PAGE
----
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Women more than chattel

Dexter Wharton

Women more  than chattel

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For generations women have been thought of and treated as personal possessions. Such treatment has been meted out at the hands of religious, social and cultural members of societies.

Not surprisingly, many females have objected to those behaviours and ways of thinking, and have fought tirelessly for the right to be recognised as much more than a piece of property. In fact, a large number of women do not see themselves as anyone’s possession at all and would dare one to prove otherwise.

It defies logic that a woman should have to fight for the right, in the first place, to be recognised as more than property. For certainly one can agree that anatomical, physiological and whatever other differences abound do not offer any reason to justify seeing women as any more than persons deserving of fair treatment and mutual respect.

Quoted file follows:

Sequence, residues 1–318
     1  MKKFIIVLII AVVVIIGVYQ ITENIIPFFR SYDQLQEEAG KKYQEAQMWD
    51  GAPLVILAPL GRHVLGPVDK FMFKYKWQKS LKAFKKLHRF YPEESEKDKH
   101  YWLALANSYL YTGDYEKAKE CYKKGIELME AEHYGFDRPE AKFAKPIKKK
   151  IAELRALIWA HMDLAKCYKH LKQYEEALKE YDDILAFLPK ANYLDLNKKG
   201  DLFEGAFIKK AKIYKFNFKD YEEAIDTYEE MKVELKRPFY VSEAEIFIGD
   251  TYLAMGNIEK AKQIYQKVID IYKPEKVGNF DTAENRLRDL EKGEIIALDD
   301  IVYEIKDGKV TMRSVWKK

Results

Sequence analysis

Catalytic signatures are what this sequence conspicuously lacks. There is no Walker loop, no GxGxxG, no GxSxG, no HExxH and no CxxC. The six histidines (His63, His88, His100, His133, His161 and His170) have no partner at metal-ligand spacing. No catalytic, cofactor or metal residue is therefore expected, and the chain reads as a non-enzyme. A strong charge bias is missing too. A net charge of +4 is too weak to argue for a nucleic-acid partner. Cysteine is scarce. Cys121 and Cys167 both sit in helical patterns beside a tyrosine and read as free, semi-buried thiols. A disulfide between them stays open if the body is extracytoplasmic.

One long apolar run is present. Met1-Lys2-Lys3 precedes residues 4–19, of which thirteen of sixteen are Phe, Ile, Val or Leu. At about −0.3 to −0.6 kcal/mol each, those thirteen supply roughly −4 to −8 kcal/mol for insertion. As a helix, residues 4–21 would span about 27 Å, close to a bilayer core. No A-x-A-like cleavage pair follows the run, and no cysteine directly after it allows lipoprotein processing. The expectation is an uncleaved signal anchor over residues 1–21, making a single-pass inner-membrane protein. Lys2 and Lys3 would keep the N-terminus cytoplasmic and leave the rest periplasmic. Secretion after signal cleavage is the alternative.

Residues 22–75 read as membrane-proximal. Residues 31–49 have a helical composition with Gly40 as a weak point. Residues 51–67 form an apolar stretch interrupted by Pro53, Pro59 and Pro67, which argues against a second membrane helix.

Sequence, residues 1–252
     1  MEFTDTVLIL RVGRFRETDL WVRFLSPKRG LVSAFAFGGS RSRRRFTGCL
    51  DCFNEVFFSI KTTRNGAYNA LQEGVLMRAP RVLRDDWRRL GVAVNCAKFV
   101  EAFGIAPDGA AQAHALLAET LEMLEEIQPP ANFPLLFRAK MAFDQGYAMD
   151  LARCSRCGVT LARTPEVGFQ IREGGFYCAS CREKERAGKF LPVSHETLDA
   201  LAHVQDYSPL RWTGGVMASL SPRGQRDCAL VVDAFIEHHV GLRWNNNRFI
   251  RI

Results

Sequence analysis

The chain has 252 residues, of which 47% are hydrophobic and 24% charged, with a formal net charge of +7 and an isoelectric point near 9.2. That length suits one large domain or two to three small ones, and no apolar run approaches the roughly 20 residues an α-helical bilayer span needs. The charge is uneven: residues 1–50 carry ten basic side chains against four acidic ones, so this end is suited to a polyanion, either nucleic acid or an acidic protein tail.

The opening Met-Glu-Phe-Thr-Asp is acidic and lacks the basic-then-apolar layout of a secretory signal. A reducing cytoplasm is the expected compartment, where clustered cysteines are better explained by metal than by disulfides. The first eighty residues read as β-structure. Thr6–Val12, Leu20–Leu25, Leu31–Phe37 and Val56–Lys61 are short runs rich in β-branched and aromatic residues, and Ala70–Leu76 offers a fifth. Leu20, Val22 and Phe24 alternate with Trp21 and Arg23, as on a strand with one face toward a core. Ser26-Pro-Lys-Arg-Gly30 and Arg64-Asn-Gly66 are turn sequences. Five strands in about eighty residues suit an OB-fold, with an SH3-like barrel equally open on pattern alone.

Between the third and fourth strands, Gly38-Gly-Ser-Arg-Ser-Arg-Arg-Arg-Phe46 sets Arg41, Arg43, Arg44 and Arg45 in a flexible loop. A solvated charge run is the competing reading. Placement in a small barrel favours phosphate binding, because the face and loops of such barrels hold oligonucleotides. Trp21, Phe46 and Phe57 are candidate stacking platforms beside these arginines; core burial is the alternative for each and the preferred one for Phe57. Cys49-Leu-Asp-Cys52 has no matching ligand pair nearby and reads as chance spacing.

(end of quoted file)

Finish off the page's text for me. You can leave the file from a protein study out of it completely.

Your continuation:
Most unfortunate is the reality that there is no universal religious view of women as it pertains to being treated as property. On the surface, some religions purport to offer equal opportunity for advancement for women within their ranks. Below the surface, however, this is more often than not met with resistance, resentment and disdain from the male community within the establishment.

We may find that quite a few persons believe that it ought to be a privilege for women to be treated and seen as anything more than possessions, and certainly not a right.

In other instances, religious groups remain determined to control their women: what they say, how they dress, what roles they are able to fill in service to that religious body, and so on. This demeaning way of categorising women only serves to strengthen the voices of opposition.

When the world’s various faiths do some introspection, we may come to discover that women are even more capable of embracing and exercising the values that make us humane than the men who have for so long been pulling the proverbial strings.

– Dexter Wharton


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